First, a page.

riflemen. Some very valuable hints quality. The water plate is recommended on account of its safety, in preference to relative to the improvement of the other methods used, as passing a heated dress, accoutrements, and luggage fire shovel over it, and so on. If powder of troops—and similar topicks. To be well dried, it will not soil the hands, those whose rank gives weight to and therefore there is no difficulty in as- their opinions in military matters, certaining when it may be removed from
this work should form an object of the plate to the bottle, without fear of the operation being sufficiently completed."* study. All, who are any way inte
We did intend noticing several rested in the subject, should read it other interesting passages, but we attentively. And we hope that we have not room. We will venture to
shall not be deemed impertinent in say that no military library can be recommending to the able author, complete without' Mr. Beaufoy's to compile an abridgment of the book.
most prominent and useful arti
cles of the work, omitting, for ex* Powder should not, however, be fre. ample, all theoretick speculations, quently exposed to heat, in this way, as and thus, by producing a useful shilevery time, a certain portion of the sulphur ling pamphlet, enable every rifleman is carried off in the shape of vapour, and in the kingdom, whether regular or as the goodness depends chiefly on the volunteer, to profit by the experience three different ingredients, used in its manufacture, bearing a certain
proportion and the knowledge which the patriotto each other, one cannot be diminished, ick studies of the author have eliwithout deteriorating the quality of the cited. whole.
FROM THE QUARTERLY REVIEW. Periodical Accounts relative to the Baptist Missionary Society. Major Scott Waring,
-Twining, Vindication of the Hindoos, &c. &c. THE rapid progress of Christi- bered their common origin, and when anity during the first ages of the the interests of Christianity were in church, and its victory over the esta- question acted as one body, with one blished forms of classical supersti- heart and will. Before this struggle tion, the schools of ancient philoso. was over, the zeal of protestantism phy, and the barbarous mythologies had spent itself. All sects and comof the northern nations, were the uni- munities of religion settle and purify ted produce of the ardent piety and after their first effervescence. Then indefatigable zeal of the first preach- they become vapid. The protestant ers of the Gospel, and the blessing churches had reached this second and assistance of Heaven. But, it is stage, when they were securely and observable that, in later times, the peaceably established : their turbid faith has been spread more by colo- elements had cleared away, but the nization than conversion. How is it quickening spirit was gone also, that the latter has been so deplorably While they had zeal to attempt the checked? The Romanists accuse the work of converting heathen nations Protestants for their indifference; the they had no opportunity, and when Protestants retort upon the Romanists the opportunity came, the zeal had for their corruptions. There is but evaporated. The Dutch, indeed, did too much truth in the charge on either something in Ceylon-a poor atone. side; but the reproach is better found- ment for the irreparable evil which ed than the recrimination.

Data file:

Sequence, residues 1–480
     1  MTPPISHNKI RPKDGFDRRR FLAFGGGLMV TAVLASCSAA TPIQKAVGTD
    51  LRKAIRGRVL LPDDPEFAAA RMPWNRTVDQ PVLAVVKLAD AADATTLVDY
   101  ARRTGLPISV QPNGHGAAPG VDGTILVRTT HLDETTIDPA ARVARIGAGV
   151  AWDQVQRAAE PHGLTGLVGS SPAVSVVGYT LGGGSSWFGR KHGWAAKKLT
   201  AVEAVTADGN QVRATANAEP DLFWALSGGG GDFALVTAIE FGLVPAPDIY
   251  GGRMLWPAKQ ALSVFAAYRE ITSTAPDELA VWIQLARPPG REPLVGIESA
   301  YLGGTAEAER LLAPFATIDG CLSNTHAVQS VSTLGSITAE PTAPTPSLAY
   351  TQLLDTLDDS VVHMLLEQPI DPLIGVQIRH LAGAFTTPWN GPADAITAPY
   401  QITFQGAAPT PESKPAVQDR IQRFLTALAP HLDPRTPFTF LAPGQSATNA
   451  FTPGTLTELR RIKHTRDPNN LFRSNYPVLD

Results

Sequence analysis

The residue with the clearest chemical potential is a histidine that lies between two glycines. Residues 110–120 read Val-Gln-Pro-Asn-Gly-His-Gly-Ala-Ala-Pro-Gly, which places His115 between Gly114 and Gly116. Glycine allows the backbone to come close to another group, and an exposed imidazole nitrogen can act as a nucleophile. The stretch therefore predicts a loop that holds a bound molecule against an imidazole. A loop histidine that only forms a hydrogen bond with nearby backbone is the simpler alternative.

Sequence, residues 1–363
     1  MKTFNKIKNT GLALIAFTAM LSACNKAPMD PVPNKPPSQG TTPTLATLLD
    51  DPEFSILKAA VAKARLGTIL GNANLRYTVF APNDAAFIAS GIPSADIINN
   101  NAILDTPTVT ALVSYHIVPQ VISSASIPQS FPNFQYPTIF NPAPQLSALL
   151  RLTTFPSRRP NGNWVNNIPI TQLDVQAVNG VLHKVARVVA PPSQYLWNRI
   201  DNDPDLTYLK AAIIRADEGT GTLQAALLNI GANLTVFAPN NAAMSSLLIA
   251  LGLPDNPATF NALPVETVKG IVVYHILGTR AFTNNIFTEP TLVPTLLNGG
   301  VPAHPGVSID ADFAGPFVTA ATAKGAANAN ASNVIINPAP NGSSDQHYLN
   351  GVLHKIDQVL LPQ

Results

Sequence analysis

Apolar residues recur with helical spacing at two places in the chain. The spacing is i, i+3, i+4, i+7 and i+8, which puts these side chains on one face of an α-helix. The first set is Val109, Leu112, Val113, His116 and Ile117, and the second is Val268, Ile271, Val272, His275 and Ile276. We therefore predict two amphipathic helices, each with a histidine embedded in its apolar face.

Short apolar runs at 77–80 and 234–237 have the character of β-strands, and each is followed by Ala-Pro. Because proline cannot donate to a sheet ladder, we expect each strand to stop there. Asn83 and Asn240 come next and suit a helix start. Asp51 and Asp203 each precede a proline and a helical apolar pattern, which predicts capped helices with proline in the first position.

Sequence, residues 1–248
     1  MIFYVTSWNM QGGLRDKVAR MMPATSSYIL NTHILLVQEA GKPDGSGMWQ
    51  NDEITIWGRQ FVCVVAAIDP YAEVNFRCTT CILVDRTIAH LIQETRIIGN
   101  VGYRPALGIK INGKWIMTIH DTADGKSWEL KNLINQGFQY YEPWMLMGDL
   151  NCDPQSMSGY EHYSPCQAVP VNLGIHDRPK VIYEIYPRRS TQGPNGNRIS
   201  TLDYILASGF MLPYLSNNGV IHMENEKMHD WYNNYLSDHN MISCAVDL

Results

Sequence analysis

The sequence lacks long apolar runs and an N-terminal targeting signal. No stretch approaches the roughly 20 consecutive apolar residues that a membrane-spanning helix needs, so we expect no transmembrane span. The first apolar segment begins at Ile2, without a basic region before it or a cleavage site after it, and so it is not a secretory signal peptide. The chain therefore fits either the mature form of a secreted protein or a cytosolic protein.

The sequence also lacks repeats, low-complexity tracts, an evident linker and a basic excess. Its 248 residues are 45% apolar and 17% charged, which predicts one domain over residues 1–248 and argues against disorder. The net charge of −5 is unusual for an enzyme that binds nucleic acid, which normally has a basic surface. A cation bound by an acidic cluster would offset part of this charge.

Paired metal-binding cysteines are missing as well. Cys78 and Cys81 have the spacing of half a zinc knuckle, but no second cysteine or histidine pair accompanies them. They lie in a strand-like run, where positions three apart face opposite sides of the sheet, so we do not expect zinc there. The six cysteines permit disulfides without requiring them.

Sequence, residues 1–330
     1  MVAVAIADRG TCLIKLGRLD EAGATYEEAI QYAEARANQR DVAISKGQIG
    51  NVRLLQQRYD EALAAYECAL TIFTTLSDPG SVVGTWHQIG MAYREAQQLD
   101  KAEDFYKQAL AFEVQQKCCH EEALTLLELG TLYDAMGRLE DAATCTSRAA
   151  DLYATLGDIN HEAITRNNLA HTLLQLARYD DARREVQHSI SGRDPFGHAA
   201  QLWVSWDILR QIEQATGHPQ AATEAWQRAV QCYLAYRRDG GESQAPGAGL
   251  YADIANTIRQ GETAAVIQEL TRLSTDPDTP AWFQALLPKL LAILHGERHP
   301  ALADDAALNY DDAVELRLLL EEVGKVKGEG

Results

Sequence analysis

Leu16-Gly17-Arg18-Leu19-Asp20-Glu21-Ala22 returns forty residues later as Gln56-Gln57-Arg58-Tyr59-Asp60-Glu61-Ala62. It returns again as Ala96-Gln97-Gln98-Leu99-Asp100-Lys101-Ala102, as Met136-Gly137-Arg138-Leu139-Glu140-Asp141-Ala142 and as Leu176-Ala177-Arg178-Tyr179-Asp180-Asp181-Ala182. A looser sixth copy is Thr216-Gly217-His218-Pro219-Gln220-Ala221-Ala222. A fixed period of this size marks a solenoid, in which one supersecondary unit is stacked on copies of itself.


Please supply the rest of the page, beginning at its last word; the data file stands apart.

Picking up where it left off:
they occasioned in Japan. Quakerism This evil grew out of the reforma- sent forth a few apostles to the pope tion, and it is the only evil attendant and the great Turk, and the good upon that blessed event which has spirit which animated them was so continued to the present times. The far communicated to the personages schism between the Greeks and La- whom they addressed, that, little used lins was less mischievous. There the as they were to the benignant mood, parties were so little in contact, that they sent the gentle zealots safely their hatred was without exaspera- home again. A Danish mission was tion; and each talked its own non- established in India, where it has sense, without attempting to convert continued merely because it is an the other, except by the innocent and establishment. Assistance has, ininefficient formalities of a council. deed, been given to it by our own soSeparated from the whole Latin ciety, for promoting Christian knowchurch by their geographical situa- ledge; and some attempts have been tion, by the great boundary of lan- made among the North American guage, by their political relations, savages by the society for propagatheir pride of elder and superiour ting the Gospel in foreign parts. But civilisation, and their semi-oriental these efforts, however laudable, have manners, the Greeks were scarcely had no very extensive consequences; included in the idea of Christendom, and protestantism has rather attempt. and our crusaders sometimes founded than effected the work of converthem as hostile as the Saracens. sion. But the revolution which Luther ef- There is, however, in all religious fected produced a civil war between communities a vivacious and vivifick the members of that great Gothick principle not to be found in the same family, who, amid all their civil disc degree in political bodies ; their hold sensions, had ever till then remem. is
upon the heart of man, upon his